In 2013, whilst working for an organisation that prides itself on supporting women, families and international workers, I found out I was pregnant. I’d been there for 14 months by the time I went on mat leave, with 10 months left of my contract to go.
My boss, the Director of our section of the hospital, who had two children herself – though legend had it she only took two days off when she had them – gave me absolutely no support throughout my pregnancy, asking me just the once how I was, and saying merely “oh good, you’re back” after I’d been signed off for a week for bleeding.
I’m still angry about what happened when I went on mat leave and could bang on about it for hours, but I’ll try to keep it simple, and I’ll stick to the facts:
– My boss and I had always verbally agreed that I would return to work after 1 year’s maternity leave. I was on a 2 year contract, so assumed this meant my contract would run on afterwards, with my mat leave sandwiched in between. In all our discussions, neither my boss nor HR ever mentioned anything otherwise
– I wrote an email to HR telling them I was planning to take a year’s leave and copied in my boss but never received confirmation of the message from either
– When my son was three months old, my boss’s right hand woman called to confirm my return date – in 9 months time. We confirmed it
– 2 weeks later I received a letter in the post saying that as my contract was ending, I would have to please return various items
– I tried contacting my boss and her right hand woman by phone and email to clarify what was happening. I didn’t hear back from either of them and later heard from a colleague that my boss had forbid the right hand woman from contacting me. I’ll say that again: she had FORBID her from contacting me
– After a great deal of emailing and leaving messages, which I found really embarrassing, not to mention difficult both time-wise and emotionally with a three month old baby, I eventually received an email from my boss explaining that my contact had ended, was not being renewed and that we had never agreed that it would be extended in the first place. In fact, she outright lied about several things in her email and despite my repeated asking, never gave me a reason as to why my contract had ended.
I went to the special personnel advice department (HR were no help – they repeated the facts that my boss had given me) and was told that unfortunately, my contract was a new sort with a special new clause that meant that it was a 2 year fixed contract that could just run out during my maternity leave. My boss was totally within her rights to decide not to renew it. Unfortunately she had hired my cover with a brand new contract in its own right, not as maternity cover, so there was no proof at all that they were planning to have me back.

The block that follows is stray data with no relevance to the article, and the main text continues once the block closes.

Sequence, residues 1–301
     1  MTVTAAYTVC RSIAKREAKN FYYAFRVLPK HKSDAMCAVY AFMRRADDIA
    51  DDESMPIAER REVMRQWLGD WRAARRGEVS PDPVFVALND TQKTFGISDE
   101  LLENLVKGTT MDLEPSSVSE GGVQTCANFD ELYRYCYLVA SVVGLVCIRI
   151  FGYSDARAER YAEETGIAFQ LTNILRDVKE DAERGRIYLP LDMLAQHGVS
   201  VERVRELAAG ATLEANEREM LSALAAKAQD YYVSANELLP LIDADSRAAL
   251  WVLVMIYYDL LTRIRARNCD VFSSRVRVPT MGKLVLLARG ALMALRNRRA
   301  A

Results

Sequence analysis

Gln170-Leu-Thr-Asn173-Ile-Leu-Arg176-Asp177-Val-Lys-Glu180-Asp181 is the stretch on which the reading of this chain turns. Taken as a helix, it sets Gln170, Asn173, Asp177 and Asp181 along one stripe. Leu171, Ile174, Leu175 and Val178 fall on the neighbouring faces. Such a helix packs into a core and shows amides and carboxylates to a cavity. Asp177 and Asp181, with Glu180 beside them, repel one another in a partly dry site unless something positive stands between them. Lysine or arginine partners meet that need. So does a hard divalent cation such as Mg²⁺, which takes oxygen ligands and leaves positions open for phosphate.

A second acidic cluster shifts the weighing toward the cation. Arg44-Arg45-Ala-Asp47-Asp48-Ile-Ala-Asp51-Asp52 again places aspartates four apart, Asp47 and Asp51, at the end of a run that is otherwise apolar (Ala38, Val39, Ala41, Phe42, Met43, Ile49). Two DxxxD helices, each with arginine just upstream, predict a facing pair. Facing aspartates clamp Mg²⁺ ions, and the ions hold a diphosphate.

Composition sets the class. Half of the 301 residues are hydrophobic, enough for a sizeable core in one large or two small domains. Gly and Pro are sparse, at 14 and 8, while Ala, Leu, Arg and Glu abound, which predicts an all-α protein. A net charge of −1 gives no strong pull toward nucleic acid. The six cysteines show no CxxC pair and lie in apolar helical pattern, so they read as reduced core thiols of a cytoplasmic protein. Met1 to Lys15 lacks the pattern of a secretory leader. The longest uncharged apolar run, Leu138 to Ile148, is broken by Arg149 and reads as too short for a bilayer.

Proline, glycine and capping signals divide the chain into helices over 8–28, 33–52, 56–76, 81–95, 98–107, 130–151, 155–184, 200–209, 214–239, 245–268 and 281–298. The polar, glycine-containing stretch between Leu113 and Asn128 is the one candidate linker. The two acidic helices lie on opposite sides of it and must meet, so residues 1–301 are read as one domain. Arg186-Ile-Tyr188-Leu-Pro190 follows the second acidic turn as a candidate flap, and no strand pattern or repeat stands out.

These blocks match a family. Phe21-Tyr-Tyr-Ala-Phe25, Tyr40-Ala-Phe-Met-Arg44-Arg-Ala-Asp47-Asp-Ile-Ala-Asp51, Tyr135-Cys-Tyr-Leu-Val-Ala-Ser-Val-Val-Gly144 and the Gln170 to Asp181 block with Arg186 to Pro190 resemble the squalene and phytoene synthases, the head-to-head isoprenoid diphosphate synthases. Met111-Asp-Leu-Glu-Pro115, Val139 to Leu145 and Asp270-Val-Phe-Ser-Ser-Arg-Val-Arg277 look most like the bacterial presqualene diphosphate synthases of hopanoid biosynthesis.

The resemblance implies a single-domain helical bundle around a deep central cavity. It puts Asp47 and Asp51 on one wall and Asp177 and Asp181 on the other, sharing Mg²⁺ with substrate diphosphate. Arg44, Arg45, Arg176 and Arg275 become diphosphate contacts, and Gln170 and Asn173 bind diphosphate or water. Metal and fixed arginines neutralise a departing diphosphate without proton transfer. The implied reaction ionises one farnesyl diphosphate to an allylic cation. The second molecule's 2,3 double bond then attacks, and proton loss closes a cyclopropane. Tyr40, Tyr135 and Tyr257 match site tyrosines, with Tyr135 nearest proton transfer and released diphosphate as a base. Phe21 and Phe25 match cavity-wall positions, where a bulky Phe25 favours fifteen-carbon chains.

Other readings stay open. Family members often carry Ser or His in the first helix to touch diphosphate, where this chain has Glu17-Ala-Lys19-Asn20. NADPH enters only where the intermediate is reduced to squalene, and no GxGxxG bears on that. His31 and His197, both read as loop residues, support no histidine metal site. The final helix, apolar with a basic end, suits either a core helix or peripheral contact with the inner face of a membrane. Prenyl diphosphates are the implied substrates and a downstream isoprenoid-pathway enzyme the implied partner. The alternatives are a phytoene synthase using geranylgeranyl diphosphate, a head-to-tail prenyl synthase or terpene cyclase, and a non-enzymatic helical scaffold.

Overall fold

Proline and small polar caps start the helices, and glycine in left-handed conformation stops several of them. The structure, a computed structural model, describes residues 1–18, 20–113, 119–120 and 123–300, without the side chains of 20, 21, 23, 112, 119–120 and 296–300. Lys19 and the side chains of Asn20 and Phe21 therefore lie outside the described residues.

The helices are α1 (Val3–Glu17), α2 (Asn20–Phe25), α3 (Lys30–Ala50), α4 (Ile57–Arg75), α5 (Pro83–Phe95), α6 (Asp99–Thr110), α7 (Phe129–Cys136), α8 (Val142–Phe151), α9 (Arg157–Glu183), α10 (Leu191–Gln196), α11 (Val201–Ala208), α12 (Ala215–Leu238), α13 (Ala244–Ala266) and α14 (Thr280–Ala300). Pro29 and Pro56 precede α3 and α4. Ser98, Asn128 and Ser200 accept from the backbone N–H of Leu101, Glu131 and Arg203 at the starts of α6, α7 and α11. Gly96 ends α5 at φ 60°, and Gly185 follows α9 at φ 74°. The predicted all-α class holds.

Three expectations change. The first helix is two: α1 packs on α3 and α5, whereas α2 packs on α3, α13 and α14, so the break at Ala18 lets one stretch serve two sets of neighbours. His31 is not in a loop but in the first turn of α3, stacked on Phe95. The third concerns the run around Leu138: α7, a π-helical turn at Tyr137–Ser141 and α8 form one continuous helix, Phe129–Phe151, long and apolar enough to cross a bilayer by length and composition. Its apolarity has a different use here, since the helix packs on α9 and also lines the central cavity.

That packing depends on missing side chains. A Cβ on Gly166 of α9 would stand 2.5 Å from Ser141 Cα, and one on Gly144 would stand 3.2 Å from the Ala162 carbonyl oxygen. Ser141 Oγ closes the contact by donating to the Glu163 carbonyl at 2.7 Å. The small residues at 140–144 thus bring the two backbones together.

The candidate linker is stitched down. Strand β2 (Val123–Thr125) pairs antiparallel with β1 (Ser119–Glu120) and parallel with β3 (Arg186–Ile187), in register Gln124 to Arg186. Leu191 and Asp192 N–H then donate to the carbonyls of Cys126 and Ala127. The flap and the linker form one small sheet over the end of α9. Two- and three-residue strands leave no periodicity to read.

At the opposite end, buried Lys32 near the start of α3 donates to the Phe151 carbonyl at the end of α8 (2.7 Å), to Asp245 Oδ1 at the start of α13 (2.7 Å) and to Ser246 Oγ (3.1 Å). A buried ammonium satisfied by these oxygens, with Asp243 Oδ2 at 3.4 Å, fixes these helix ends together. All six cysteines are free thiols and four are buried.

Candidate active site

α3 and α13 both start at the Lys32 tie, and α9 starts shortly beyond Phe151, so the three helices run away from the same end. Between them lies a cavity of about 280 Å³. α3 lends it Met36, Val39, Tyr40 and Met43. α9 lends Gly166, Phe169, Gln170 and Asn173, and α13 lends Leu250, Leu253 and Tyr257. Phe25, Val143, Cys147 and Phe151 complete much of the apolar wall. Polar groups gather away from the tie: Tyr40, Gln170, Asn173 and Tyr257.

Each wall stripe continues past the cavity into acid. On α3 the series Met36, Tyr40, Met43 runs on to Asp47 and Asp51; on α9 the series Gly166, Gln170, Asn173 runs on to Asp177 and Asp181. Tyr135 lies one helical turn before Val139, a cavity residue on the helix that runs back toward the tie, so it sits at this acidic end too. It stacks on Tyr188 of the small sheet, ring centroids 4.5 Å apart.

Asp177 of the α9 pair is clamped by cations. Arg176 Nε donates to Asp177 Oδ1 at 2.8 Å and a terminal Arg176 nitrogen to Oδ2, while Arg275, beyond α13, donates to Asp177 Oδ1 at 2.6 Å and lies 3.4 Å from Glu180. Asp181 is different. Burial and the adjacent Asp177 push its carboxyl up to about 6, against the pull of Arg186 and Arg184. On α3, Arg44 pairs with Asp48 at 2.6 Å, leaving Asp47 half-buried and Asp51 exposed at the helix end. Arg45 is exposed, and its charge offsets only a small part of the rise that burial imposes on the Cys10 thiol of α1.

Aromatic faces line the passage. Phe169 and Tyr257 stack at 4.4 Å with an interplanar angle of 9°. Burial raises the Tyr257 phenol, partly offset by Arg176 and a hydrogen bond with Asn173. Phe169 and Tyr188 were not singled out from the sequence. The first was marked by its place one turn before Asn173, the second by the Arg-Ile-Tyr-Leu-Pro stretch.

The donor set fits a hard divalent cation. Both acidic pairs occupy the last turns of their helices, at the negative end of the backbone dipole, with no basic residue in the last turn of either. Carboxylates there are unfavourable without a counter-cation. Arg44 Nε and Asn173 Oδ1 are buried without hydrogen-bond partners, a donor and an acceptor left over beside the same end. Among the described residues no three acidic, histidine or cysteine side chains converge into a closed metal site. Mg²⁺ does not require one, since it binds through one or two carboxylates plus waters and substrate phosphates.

The thing is, I’m a rational human being. If those are the rules, all I can do is accept the situation. What I cannot – and still will not – accept is that instead of giving me a ring or asking me to come in to explain what was happening, and why, my boss decided to go about it in the most unprofessional, childish way possible. Given her previous behaviour – I’d seen an awful lot of unbelievable things happen in my 14 months working for her – I shouldn’t have been surprised, but you never think it’s going to happen to you, do you.
The special personnel advice people told me that 4 weeks after my boss arrived, they’d received the first complaint about her and she accounts for a third of their workload. A third! But she brings in so much money to the University (through research funding) that she’s basically untouchable. I’ve also been told various extremely discriminatory things that her right hand woman has said about working mothers in the department and given them as reasons why they wouldn’t want to keep pregnant people on.
A couple of weeks ago, I learned my boss has done the same thing again, but to a young researcher, the main breadwinner in her family who is expecting twins and is having a very difficult pregnancy – she’s just been admitted to the hospital for the remainder of her pregnancy. Although I – and all my friends and colleagues – was confident I was being discriminated against before, now I can see that it’s systematic. This researcher was asked to give over all her research results and finish her papers, and was then told she wasn’t having her contract renewed. To say I’m livid doesn’t even begin to cover it. But again, there’s no proof, and this poor pregnant lady, with no job to go back to after her mat leave, doesn’t want to burn her bridges – and is of course exhausted – so it’s unlikely she’ll report our (ex) boss to the special personnel people, or anyone at all.